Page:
“We are heading into the colder months and all of the outdoor socializing we’ve been able to do is getting harder,” Northam said. “People are going to be less likely to want to meet up outside when it’s 40 degrees or below.”

Northam also announced yesterday that he has signed legislation recognizing Juneteenth as a state holiday. Legislation passed the General Assembly in the ongoing special session. 


Now, about that fiber cut. 

A federal judge has extended the voter registration deadline in Virginia one day after the line was cut in Chester that served the online system. Several groups ranging from the New Virginia Majority Education Fund to the League of Women Voters filed a complaint asking for an extension, which required judicial action. Here’s judge John A. Gibney Jr.

“I will order, as you requested, all registration may occur until 1159 p.m. on tomorrow, October the 15th,” Gibney said, just before thanking the attorneys for working together to allow more people to register.


Today is the first day of operations for the new Greene County Department of Emergency Medical Services. The Greene Board of Supervisors authorized the move in May after the University of Virginia opted to not renew a contract to provide the service for the county. Here’s Melissa Meador again.

“All 14 full-time positions are filled and we have hired an additional 13 part-time employees,” Meador said. 

Supervisors praised Meador and her staff for putting together the department in such a short amount of time. 

“I went from a little bit of anger earlier this year when the contract was terminated, quickly to awe for what Ms. Meador and her new team has accomplished,” said Supervisor Bill Martin. 


The Virginia Department of Health has issued a warning against eating fish caught in the Upper James River due to elevated levels of polychlorinated biphenyls (PCBs) found in tissue samples. This affects a stretch of river from headwaters at Iron Gate to Balcony Falls Dam near Glasgow. (press release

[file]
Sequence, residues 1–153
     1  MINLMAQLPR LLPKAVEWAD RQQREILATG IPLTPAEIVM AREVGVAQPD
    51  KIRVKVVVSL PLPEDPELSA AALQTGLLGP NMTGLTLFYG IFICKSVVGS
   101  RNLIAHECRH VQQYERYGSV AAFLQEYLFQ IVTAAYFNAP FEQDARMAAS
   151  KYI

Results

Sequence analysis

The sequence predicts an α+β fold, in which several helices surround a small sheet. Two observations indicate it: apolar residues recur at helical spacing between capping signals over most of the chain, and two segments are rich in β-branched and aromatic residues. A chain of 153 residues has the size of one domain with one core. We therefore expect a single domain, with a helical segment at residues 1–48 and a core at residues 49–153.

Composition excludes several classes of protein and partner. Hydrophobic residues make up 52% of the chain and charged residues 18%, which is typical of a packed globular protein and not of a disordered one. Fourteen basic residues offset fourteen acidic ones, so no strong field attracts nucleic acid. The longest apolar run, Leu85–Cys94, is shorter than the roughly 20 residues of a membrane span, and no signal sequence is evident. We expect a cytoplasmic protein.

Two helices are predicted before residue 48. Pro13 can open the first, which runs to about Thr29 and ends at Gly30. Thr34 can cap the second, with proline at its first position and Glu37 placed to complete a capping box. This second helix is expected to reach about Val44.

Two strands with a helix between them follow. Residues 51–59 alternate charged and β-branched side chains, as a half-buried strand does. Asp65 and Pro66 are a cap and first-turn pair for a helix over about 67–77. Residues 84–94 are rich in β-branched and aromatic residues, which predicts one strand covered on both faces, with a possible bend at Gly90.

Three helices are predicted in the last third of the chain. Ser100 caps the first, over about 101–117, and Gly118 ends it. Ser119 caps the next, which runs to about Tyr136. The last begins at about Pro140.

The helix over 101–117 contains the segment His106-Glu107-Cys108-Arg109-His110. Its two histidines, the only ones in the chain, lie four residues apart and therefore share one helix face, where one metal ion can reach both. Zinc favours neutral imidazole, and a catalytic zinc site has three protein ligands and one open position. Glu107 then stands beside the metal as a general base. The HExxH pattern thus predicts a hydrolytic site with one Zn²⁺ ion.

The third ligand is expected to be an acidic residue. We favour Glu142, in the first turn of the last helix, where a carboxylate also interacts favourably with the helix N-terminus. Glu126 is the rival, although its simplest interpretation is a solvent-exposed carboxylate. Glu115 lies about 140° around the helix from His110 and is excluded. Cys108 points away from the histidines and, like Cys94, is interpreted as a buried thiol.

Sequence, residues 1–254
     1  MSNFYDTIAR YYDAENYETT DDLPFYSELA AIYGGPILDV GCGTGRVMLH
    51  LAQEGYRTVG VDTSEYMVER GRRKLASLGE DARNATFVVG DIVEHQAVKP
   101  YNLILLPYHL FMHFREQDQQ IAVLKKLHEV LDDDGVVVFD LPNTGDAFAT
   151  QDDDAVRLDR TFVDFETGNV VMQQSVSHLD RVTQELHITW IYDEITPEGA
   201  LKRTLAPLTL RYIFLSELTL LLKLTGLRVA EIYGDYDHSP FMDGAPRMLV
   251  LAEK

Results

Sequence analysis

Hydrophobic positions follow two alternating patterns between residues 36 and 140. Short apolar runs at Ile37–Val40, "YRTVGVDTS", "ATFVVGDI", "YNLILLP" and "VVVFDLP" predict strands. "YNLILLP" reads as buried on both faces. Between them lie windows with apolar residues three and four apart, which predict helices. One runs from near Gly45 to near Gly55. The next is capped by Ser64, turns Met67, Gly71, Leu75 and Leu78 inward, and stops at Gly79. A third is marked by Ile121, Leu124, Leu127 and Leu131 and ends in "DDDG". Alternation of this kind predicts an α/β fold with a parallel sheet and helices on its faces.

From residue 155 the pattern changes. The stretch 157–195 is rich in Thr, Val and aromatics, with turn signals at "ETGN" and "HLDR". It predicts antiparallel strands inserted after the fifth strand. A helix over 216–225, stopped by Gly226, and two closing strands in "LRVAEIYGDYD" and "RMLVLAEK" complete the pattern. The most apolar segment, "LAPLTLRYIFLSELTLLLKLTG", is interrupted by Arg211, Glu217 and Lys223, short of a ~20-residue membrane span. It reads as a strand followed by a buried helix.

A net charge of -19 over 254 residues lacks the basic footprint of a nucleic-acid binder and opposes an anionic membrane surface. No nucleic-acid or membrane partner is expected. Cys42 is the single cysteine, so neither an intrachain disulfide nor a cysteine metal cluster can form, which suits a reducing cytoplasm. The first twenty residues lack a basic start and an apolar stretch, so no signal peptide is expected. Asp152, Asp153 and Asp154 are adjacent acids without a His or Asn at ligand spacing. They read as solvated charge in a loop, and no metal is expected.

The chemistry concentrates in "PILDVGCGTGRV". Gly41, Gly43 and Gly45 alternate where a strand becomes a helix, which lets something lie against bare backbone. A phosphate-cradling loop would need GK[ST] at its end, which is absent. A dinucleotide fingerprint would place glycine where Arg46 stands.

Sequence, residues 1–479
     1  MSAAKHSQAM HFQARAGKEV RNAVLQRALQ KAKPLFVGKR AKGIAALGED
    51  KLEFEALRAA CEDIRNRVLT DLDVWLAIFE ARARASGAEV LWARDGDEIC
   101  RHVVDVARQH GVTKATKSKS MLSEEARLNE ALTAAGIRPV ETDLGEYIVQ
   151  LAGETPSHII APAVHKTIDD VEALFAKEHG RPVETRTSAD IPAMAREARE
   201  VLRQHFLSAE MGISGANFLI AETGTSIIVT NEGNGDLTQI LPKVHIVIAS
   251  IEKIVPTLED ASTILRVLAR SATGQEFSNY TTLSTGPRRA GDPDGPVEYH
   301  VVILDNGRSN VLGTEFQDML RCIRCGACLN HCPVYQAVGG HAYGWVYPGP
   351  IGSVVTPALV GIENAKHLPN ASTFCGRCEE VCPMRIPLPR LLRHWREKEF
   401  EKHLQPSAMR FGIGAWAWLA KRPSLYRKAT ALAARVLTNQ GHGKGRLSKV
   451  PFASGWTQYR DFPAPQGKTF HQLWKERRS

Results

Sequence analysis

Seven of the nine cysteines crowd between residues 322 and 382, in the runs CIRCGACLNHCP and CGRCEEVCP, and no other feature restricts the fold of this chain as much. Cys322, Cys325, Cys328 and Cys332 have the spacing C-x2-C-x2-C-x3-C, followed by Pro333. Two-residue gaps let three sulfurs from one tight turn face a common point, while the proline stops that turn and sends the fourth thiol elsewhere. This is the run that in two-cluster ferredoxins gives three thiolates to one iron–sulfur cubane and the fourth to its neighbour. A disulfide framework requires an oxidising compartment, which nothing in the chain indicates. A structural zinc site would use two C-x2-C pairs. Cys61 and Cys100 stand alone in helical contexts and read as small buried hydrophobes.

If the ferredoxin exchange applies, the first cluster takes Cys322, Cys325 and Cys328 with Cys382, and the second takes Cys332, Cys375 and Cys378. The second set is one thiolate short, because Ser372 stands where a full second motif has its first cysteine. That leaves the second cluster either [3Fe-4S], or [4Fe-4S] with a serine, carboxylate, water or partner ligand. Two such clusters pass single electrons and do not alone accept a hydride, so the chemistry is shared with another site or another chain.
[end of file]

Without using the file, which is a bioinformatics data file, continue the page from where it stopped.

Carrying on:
Over 90 percent of the office space has been leased in the Dairy Central project according to an email from the firm Cushman & Wakefield | Thalhimer. In all, the Dairy Central will include 50,000 square feet of Class A office space and 180 upcoming apartments, as well as a food hall. Tenants for office space include the Costar Group and Virginia Humanities. 

“The Dairy Market targets an opening in late 2020 where Starr Hill brewery will anchor a 16-stall market hall featuring a talented roster of Virginia's leading purveyors, culinary talents and artisans,” the email reads. “Market Hall stalls are entirely subscribed with tenants including cult classics Moo Thru and Take it Away Sandwiches, The Milkman's Bar, and an exciting and diverse lineup of additional tenants.” 

Today in meetings, The Crozet Community Advisory Committee convenes virtually at 7 p.m. for a meeting that a discussion of a special use permit to amend previous approvals for the private Claudius Crozet Park to allow for a “Community Recreation Facility.” 

There will also be a presentation on the many projects the Rivanna Water and Sewer Authority is planning for the Crozet Area. The RWSA Board of Directors were given this presentation in late August. There’s a capital cost of about $41.5 million in projects to increase capacity and improve safety at Beaver Dam. (slides)